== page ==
So your first production, Sex Cells, went straight to Riverside Studios?
Yes. I would have put it on above a pub, but my husband said we should think bigger than that. We couldn’t get a producer even though we were fully funded so we went into it blind and just did it ourselves! The run was for four weeks at Riverside Studios – we were told if we ran for more than three weeks we’d get the broadsheets to come and review. Of course absolutely nobody took any notice but the audience and online reviews were fantastic!
What are the biggest challenges for a new writer?
I feel as though “popular” is not always rated and especially so in the theatre. It can feel very elitist. I wrote [Sex Cells] to appeal to the people I know who say they don’t like theatre. I think that my first duty is to entertain but the writing also has to ring true.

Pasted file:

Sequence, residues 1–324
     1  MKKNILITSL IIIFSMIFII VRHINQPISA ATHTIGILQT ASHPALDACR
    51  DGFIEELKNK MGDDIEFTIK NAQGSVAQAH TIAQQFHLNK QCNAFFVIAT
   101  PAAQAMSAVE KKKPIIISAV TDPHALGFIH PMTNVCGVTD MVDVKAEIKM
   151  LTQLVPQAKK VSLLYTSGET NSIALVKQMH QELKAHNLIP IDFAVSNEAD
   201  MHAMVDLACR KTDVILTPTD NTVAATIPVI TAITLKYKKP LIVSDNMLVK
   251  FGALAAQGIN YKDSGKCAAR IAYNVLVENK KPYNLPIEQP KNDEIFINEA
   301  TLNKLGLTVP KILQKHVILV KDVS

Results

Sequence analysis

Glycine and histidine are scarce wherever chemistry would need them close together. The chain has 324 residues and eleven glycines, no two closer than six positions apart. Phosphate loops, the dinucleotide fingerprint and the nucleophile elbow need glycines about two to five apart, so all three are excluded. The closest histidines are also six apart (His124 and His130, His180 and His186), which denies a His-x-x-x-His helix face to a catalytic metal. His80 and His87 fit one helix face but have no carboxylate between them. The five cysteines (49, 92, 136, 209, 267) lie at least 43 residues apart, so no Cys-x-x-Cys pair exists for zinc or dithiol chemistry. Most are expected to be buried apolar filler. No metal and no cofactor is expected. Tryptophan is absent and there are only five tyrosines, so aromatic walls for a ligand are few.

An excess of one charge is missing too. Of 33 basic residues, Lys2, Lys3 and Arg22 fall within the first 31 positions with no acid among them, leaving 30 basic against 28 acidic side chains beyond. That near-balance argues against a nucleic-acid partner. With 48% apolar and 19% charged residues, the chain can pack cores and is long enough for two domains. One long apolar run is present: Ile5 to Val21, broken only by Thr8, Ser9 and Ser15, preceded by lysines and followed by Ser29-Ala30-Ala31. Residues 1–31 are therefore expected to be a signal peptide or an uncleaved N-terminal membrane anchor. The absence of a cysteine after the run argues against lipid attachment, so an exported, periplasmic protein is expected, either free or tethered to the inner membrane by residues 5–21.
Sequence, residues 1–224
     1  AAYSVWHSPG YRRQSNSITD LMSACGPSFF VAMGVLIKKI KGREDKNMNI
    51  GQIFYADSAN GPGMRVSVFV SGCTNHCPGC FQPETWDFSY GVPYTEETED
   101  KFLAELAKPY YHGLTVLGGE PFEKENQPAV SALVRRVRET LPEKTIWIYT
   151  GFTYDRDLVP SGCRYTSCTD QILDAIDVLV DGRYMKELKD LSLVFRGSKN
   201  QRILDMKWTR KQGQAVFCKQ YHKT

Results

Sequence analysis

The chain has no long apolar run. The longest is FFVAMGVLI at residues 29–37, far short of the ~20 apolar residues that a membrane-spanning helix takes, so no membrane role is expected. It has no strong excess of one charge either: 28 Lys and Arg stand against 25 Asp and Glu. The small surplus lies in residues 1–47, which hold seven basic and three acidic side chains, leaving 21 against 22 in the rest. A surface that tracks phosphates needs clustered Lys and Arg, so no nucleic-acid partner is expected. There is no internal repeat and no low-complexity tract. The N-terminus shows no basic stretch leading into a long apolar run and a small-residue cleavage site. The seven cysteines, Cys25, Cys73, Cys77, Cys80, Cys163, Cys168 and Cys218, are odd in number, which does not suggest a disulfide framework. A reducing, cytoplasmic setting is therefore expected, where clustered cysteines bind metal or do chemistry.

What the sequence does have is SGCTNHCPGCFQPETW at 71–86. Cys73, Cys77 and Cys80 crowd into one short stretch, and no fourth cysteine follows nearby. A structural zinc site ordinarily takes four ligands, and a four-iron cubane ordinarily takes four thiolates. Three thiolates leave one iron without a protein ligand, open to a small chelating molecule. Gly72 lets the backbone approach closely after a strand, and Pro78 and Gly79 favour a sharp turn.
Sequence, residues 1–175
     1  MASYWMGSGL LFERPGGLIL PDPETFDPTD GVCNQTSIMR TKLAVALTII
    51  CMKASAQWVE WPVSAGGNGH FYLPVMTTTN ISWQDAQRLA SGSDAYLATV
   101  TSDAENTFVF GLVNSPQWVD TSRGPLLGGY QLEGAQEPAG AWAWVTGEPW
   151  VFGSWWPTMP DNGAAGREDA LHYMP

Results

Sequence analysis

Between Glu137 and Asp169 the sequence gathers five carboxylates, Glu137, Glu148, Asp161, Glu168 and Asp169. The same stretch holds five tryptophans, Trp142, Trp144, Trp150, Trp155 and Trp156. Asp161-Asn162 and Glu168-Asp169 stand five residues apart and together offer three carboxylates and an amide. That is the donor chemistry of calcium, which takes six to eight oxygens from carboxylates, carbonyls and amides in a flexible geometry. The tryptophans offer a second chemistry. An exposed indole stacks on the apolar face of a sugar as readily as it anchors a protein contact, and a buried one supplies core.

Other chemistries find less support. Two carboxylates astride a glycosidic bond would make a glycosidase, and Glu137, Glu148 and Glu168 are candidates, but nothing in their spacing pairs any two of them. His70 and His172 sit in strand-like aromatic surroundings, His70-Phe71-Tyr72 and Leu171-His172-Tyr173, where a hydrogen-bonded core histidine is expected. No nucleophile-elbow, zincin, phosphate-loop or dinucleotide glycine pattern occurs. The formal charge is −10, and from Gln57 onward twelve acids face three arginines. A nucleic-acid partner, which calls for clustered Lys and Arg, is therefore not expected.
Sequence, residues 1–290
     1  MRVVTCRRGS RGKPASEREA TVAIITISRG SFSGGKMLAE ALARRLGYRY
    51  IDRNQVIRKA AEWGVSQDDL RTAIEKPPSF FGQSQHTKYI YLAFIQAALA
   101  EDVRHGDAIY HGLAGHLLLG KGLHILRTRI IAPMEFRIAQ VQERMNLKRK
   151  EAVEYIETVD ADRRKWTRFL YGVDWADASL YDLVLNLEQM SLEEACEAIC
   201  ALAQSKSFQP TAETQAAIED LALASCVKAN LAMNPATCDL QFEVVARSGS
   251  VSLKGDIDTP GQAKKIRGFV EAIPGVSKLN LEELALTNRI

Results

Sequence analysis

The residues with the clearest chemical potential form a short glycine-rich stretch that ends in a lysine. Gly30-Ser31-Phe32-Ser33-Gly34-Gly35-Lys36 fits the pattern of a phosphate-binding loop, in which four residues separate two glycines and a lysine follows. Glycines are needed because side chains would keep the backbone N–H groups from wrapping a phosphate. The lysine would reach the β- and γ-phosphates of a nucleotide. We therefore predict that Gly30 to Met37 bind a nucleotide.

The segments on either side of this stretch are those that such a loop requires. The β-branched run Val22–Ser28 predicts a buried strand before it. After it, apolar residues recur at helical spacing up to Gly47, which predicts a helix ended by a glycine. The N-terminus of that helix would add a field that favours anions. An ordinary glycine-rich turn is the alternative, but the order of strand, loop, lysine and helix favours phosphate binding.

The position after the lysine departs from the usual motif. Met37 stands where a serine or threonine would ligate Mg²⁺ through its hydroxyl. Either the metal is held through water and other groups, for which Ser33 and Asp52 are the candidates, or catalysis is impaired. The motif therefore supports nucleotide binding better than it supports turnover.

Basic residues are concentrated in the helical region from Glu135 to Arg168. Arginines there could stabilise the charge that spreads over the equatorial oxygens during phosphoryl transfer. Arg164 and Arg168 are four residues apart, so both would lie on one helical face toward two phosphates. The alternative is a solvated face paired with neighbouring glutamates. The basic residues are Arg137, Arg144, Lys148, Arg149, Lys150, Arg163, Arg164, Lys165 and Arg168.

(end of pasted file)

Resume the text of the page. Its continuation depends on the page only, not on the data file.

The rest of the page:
Is there a lot of personal experience in your writing?
Yes – I was a hairdresser for twenty years so Curl Up & Die is very personal. Sex Cells was too in that it was the first time that I’d ever handed my baby over, which was excruciatingly painful. In Curl Up & Die, there are three old ladies – really my Mum and my two aunts. The protagonist Ruth talks about them like they’ve got nothing left in their lives – in part that’s true but they still have so much to give. Sex Cells was all about being a mother and felt deeply personal whereas Curl Up & Die draws more on personal experiences.
Who are the characters in Curl Up & Die?